The leader's portrait, produced in a variety of media (statues, coins, billboards, posters, stamps), is a key instrument of propaganda in totalitarian regimes, but increasingly also dominates political communication in democratic countries as a result of the personalization and spectacularization of campaigning.
Written by an international group of contributors, this volume focuses on the last one hundred years, covering a wide range of countries around the globe, and dealing with dictatorial regimes and democratic systems alike. As well as discussing the effigies that are produced by the powers that be for propaganda purposes, it looks at the uses of portraiture by antagonistic groups or movements as forms of resistance, derision, denunciation and demonization.
This volume will be of interest to researchers in visual studies, art history, media studies, cultural studies, politics and contemporary history.
Table of Contents
1. Introduction: Faces of Politics
Luciano Cheles and Pierre Sorlin
2. Portraits of United States Presidents and National Candidates Past and Present
3. Representing Leaders in Britain: The Portraits of Winston Churchill, Harold Wilson, Margaret Thatcher and Tony Blair
4. The Dawn of Political Portraiture in Italy
5. Manufacturing Charisma: Mussolini's Photographic Portraits
Alessandra Antola Swan
6. A Dictator with a Human Face? The Portraits of the Austrian Chancellor Engelbert Dollfuss
7. Franco: When the Portrait Matters More than the Model
8. The Face of the Regime. Political Portraiture in the Soviet Union and Russia
9. Faces of Mao
10. Monuments in History: Political Portraiture in North Korea
11. ‘For Our Beloved Leader’: Nicolae Ceausescu's Propaganda Portraits
12. The German Chancellors: Visual Strategies for the Image of the Head of State
13. From Reticence to Excess: Political Portraiture in Italy from the Fall of Fascism to the Present
14. The Presidential Portrait in Italy: from Officialdom to Satire
15. Staging Power in France: Political Portraiture from Mitterrand to Macron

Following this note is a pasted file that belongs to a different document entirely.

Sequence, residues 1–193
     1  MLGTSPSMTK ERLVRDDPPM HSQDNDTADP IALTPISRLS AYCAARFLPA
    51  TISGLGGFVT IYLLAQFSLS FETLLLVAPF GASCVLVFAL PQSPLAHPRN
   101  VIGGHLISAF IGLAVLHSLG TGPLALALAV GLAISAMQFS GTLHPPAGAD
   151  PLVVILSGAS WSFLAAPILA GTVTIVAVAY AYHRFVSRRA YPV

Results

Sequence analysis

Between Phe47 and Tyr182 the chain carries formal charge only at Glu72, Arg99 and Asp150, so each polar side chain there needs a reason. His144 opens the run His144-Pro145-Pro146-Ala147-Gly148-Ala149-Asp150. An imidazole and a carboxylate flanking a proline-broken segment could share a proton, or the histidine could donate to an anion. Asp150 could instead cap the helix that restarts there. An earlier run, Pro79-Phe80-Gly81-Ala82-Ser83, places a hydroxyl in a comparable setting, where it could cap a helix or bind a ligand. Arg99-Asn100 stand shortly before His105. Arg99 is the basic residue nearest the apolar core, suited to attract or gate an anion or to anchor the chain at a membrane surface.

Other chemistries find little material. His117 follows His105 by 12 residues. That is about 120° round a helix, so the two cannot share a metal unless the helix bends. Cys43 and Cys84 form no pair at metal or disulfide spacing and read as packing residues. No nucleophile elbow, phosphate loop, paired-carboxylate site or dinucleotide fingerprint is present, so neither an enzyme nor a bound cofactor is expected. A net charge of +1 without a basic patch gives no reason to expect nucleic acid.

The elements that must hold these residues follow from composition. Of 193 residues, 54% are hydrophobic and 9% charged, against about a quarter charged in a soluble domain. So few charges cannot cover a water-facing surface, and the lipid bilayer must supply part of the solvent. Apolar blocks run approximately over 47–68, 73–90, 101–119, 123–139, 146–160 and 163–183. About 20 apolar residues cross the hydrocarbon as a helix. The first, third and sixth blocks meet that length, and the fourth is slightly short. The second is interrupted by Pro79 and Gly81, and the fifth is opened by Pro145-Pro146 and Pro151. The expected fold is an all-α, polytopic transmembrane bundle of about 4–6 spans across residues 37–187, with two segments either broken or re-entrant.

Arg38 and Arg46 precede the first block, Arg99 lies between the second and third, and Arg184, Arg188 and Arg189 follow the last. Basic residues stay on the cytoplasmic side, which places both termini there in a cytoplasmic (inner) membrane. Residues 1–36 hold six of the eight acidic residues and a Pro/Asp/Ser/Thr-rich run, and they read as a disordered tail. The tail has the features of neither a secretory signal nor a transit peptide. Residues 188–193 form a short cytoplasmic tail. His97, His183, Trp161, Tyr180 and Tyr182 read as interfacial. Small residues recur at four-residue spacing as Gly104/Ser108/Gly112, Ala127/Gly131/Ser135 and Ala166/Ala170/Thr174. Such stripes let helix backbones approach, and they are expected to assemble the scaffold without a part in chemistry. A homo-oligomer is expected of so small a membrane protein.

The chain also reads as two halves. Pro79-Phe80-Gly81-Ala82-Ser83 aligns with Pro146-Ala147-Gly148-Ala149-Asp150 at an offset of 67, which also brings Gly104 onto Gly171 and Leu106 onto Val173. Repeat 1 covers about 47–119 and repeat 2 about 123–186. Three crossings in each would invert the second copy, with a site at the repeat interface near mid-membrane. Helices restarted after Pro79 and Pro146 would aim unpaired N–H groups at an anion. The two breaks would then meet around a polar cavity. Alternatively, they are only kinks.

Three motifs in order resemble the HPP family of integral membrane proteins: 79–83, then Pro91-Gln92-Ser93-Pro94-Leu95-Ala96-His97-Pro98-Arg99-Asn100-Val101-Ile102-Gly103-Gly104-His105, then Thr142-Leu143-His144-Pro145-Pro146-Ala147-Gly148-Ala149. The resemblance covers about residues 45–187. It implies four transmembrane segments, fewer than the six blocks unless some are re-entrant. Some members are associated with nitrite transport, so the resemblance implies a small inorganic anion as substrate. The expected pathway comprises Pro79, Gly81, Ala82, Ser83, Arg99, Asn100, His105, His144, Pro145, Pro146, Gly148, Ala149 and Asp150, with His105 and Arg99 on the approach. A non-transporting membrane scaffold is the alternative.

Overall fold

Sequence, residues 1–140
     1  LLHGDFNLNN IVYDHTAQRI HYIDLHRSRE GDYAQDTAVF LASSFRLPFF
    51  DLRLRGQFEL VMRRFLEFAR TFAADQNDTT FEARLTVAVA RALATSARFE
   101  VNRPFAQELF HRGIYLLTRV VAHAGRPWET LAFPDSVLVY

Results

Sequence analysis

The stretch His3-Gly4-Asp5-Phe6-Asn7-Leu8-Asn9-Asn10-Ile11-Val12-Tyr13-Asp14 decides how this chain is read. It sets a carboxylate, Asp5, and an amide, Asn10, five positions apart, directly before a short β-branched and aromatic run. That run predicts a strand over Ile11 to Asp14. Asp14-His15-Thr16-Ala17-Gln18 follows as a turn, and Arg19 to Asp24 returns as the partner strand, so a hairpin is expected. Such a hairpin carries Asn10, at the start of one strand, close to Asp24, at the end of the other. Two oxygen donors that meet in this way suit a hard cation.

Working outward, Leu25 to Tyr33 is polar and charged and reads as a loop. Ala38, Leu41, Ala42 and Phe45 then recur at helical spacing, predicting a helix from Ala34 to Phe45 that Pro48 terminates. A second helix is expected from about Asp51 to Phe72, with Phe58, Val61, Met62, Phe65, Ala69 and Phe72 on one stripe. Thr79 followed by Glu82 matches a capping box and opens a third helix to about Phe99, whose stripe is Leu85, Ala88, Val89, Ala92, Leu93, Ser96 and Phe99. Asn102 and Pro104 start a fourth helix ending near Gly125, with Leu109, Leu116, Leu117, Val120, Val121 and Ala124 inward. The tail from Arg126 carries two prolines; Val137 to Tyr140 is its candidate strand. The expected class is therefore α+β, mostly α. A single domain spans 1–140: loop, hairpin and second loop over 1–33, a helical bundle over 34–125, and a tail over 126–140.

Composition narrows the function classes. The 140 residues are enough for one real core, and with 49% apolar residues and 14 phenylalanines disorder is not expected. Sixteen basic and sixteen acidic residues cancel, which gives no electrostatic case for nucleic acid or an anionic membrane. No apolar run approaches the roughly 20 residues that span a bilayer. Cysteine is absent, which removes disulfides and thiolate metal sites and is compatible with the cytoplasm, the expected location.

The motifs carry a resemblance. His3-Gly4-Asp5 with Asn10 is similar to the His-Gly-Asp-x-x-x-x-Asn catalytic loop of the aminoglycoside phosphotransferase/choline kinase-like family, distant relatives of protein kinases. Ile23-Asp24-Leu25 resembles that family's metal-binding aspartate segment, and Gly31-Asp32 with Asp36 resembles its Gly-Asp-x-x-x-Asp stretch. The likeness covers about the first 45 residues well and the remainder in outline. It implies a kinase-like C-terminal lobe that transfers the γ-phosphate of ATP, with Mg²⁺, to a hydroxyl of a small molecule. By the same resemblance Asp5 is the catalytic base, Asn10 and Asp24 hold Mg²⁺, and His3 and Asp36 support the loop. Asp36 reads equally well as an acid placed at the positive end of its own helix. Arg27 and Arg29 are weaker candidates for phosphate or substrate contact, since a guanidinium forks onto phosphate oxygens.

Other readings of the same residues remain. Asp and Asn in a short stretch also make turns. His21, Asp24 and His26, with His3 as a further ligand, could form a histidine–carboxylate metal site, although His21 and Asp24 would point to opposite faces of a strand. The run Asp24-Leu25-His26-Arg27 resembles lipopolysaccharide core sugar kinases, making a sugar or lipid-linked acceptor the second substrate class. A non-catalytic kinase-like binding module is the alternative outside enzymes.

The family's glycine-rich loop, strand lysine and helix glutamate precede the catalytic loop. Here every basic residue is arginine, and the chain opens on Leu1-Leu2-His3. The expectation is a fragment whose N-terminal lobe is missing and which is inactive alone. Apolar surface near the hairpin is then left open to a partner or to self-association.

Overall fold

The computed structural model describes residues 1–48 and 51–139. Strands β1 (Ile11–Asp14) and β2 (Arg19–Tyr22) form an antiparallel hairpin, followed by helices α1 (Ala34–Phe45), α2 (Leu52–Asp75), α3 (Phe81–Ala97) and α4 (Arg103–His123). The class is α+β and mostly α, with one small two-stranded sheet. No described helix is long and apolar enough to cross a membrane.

16. Political Portraiture in Early Republican Turkey: Mustafa Kemal Atatürk and İsmet İnönü
Christopher Wilson and Sinan Niyazioğlu
17. Burning United States Presidents: Protest Effigies in Iraq, Iran and Afghanistan
Luciano Cheles is a member of the Laboratoire Universitaire Histoire Cultures Italie Europe of the University of Grenoble Alpes and taught Italian Studies at the University of Poitiers, France.
Alessandro Giacone is Associate Professor of Political Science at the University of Bologna.
"As a historical study of official portraits, encompassing a wide range of nations and regimes, this is a valuable addition to the literature on visual political communication. By reading across the case studies one can build a rich picture of how portraits of leaders have evolved over time, reacting to changing contexts while retaining specific national symbols and icons that connote a particular style of leadership."
--Times Higher Education
"Bringing to bear expertise in domains from political science to graphic design and communication management, they offer chapters on the expected twentieth-century autocrats -- Mao and Mussolini, the Ceausescus and the Kims -- but also on images of Mitterrand and Macron, Churchill and Thatcher, American presidents praised and pilloried."
--The New York Review of Books
"...This volume is a particularly welcome addition to the shelves. It consists of seventeen chapters by sixteen contributors. Their quality is high overall, and they fit together very well."
--Journal of Modern Italian Studies
"...This is a valuable contribution to the field of visual communication and the growing field of visual politics, and essential reading for scholars and students interested in the iconography of political leadership."
"Cheles and Giacone's collection of studies of leader's official portraits and propaganda gives fascinating insights into the evolution of image management over the last century..."
--International Review on Public and Nonprofit Marketing
"An original and perceptive collective contribution to the study of both politics and visual culture."
--Peter Burke, University of Cambridge, UK